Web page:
1. @Stephanie @ Keeper of the Home, That’s a good idea! I do much better with hands-on learning. I may have to seek out a new friend–I don’t know anyone in my town that cans. It would be a great way to make a friend, though! I will have to study all the tutorials through the year. My mom even still has her old canning machine.

  8. At this point in my life I am doing more freezing than canning (actually, I probably will do no canning this year at all). I have frozen lots of beans (about 15 bags so far, more to come), 31 bags of blueberries, 31 bags of strawberries, and I think it was around 40 of raspberries, as well as around 40 bags of peaches. I did some apples today, both drying them and making sauce to freeze (I do the sauce with peels on and use my immersion blender to puree it). Oh and I am also in the midst of tomatoes. I think that will be it for this year. Normally I do a few more things, but I am still very tired.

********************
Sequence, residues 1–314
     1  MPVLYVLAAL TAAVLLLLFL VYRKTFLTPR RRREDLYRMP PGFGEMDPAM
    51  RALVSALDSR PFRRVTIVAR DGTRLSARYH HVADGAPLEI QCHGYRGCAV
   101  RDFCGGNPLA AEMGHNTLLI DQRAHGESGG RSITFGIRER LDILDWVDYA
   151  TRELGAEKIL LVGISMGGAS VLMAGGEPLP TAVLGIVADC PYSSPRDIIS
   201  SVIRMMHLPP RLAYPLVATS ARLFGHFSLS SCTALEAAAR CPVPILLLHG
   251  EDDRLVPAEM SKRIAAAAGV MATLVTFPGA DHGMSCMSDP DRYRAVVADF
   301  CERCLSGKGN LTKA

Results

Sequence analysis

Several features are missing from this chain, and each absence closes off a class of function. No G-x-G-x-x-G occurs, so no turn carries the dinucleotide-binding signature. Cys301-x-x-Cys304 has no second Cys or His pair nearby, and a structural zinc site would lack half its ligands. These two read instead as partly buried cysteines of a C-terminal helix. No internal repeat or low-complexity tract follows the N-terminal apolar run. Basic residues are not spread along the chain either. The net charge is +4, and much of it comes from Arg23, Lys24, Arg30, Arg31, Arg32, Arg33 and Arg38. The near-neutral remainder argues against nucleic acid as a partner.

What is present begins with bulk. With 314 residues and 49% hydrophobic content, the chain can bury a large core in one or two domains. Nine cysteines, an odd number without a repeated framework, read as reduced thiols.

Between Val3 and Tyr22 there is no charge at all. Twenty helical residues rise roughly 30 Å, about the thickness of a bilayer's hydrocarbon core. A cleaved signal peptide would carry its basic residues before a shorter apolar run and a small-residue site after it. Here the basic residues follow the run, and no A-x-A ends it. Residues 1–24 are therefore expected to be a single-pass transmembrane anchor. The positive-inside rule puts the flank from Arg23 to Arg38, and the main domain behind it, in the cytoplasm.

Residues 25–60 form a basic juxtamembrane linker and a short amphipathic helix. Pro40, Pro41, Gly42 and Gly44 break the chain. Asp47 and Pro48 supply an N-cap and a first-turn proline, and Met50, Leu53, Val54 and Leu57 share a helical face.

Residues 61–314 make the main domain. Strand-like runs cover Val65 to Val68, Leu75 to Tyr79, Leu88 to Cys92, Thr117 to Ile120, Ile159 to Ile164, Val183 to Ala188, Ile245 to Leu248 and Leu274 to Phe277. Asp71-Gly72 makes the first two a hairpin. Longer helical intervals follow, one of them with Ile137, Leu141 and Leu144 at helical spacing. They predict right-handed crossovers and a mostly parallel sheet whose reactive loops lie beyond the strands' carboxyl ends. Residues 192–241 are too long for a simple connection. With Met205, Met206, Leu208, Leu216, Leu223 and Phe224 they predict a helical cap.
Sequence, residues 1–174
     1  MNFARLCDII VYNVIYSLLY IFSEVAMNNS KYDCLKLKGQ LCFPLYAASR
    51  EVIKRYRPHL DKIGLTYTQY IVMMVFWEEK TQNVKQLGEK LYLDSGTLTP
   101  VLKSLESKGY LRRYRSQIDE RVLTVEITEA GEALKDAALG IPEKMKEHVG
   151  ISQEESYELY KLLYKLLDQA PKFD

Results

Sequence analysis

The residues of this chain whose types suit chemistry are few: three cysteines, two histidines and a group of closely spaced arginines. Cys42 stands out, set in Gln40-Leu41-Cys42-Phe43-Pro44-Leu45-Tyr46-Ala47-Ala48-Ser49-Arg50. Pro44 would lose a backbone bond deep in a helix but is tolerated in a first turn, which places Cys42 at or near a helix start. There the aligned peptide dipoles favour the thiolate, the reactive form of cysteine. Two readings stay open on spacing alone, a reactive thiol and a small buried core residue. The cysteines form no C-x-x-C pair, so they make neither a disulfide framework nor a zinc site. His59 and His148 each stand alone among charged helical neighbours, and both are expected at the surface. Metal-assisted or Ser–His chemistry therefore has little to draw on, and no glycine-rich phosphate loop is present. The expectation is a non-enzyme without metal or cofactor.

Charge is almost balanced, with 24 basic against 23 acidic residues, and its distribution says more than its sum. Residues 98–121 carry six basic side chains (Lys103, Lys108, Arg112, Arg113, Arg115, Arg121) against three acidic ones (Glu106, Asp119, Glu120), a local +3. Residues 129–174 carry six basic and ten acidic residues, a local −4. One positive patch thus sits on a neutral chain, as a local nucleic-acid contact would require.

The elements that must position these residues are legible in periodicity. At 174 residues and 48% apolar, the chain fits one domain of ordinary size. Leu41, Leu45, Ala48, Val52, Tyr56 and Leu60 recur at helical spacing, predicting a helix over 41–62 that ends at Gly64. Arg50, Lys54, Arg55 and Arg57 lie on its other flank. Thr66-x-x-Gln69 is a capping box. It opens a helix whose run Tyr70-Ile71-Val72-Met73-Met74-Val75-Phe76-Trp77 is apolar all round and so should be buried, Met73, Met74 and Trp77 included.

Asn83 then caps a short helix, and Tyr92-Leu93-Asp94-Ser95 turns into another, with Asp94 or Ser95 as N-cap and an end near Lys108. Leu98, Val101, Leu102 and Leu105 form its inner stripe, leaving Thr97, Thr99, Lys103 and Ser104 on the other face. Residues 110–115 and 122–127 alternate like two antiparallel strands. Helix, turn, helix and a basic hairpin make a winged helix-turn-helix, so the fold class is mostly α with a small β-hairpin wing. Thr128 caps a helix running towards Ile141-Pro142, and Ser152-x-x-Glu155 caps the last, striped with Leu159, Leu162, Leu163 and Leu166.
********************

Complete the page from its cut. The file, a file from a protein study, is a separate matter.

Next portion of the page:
For peaches, we just wash well, pit and slice, and put into bags. No peeling. They don’t go that brown really. They are in one big “clump” in the bag but we leave enough headroom to slide out the frozen clump and then slice off a section. Which we then use in smoothies and on hot cereal. The taste isn’t as fresh as canning but its a lot less work for us right now. Especially not peeling! I did two bushels that way this year.

    For tomatoes, I’ve always done it the way my mother in law does, and I saw it described I think in the more with less cookbook….I wash, core, and then chop (roughly) and place in my blender, no water added, and puree, skins and all. To can, you cook them down (I forget how long exactly but I think it was 15 minutes…if anyone is interested I can check and I will respond here) and then put in jars and process. Its like crushed tomatoes. For just freezing (the past few years) I do the same thing but without cooking it, I put it in freezer bags. Then I toss into soups and stews. However to make it into spaghetti sauce you need to cook it first as if you were canning it or its too watery. (If you can it and cook it down first then this is NOT an issue). This works well for me at this stage.